Mandatory Career Change: Transition Experiences of Canadian Armed Forces Veterans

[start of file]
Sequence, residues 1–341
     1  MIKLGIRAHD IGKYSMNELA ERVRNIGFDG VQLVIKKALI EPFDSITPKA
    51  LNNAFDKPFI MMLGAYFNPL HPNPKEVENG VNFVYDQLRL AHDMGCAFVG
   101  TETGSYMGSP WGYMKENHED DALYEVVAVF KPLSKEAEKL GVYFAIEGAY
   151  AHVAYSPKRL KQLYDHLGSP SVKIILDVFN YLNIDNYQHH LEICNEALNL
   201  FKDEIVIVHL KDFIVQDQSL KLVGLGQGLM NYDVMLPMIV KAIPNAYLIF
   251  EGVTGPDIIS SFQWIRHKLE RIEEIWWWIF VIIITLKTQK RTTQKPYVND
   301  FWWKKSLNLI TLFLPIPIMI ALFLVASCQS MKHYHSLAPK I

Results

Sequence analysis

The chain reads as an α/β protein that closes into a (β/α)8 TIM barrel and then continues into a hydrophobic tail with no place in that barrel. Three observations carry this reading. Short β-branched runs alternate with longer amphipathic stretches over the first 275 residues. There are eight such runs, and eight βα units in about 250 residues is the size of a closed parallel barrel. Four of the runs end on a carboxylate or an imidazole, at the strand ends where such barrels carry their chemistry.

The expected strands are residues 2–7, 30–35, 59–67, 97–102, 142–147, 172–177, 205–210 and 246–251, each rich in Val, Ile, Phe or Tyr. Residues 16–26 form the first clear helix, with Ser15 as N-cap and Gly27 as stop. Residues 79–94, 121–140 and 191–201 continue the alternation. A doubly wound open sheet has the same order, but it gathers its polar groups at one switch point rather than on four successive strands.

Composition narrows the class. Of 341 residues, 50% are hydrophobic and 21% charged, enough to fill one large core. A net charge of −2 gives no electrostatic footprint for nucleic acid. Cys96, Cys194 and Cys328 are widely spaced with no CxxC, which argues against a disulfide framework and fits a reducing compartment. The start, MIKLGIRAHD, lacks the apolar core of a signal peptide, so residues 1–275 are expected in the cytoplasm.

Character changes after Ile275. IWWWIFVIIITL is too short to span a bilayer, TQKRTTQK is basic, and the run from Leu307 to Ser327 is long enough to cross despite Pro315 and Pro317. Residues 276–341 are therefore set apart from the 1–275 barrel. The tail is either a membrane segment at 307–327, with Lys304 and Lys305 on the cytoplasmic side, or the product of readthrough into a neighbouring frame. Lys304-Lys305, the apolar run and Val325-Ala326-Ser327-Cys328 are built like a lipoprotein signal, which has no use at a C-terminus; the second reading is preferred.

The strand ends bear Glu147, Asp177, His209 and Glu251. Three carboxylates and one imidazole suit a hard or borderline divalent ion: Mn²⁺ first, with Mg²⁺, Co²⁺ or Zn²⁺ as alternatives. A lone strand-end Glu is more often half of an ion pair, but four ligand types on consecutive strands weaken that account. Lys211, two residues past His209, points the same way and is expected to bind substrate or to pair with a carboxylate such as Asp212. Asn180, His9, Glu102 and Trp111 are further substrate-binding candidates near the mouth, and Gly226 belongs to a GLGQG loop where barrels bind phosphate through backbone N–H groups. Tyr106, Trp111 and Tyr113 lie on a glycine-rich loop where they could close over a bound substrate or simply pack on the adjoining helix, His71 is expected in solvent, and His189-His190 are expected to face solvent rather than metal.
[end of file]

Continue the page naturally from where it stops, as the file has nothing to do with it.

For all serving military personnel, transition to civilian life is inevitable; however, a release may come as a surprise for the approximately 2000 service members who retire annually as a result of a medical condition (Department of National Defence, personal communication, 28 June, 2017). These Veterans will leave the Canadian Armed Forces (CAF) under vastly different circumstances than those who voluntarily release. A medical release can be a result of a visible or non-visible wound suffered in an operational theater, a training injury or a chronic disease diagnosis. In a follow-up to landmark cross-sectional survey, Veterans Affairs Canada (2017a) concluded that 32% of releasing Veterans experience a difficult transition to civilian life; which, indicates the need for tailored transition services and research into the causes of these struggles. The trinity of an unexpected truncation of one’s career, a medical diagnosis coupled with an uncertain health status, and a precarious future signal the start of a soldier-to-civilian transition that many Veterans are ill-prepared to confront. Service members finding themselves on this trajectory are faced with a myriad of decisions that impact the totality of their lives. Aspects of military life are not limited to a predictable daily regime, rather service extends beyond the uniform affecting family and friends; a truly a unique way of life. One condition of military employment is that soldiers and families must move to various Canadian Forces Bases located in both major metropolitan areas with the associated high cost of living to rural locations with limited prospects for spousal employment, school choices for children, reduction of some community services offered in either French or English, or readily available access to family health care. When soldiers are leaving the CAF for civilian life, some of these considerations must be addressed to contribute to a successful transition. This study investigated the individual decision-making process surrounding a mandatory career change with a view to better inform policy-makers and transitioning Veterans. Findings indicate that a more deliberate institutional approach to transition will empower Veterans to realize their post-military potential with the assistance of a tailorable transition decision-making aid.
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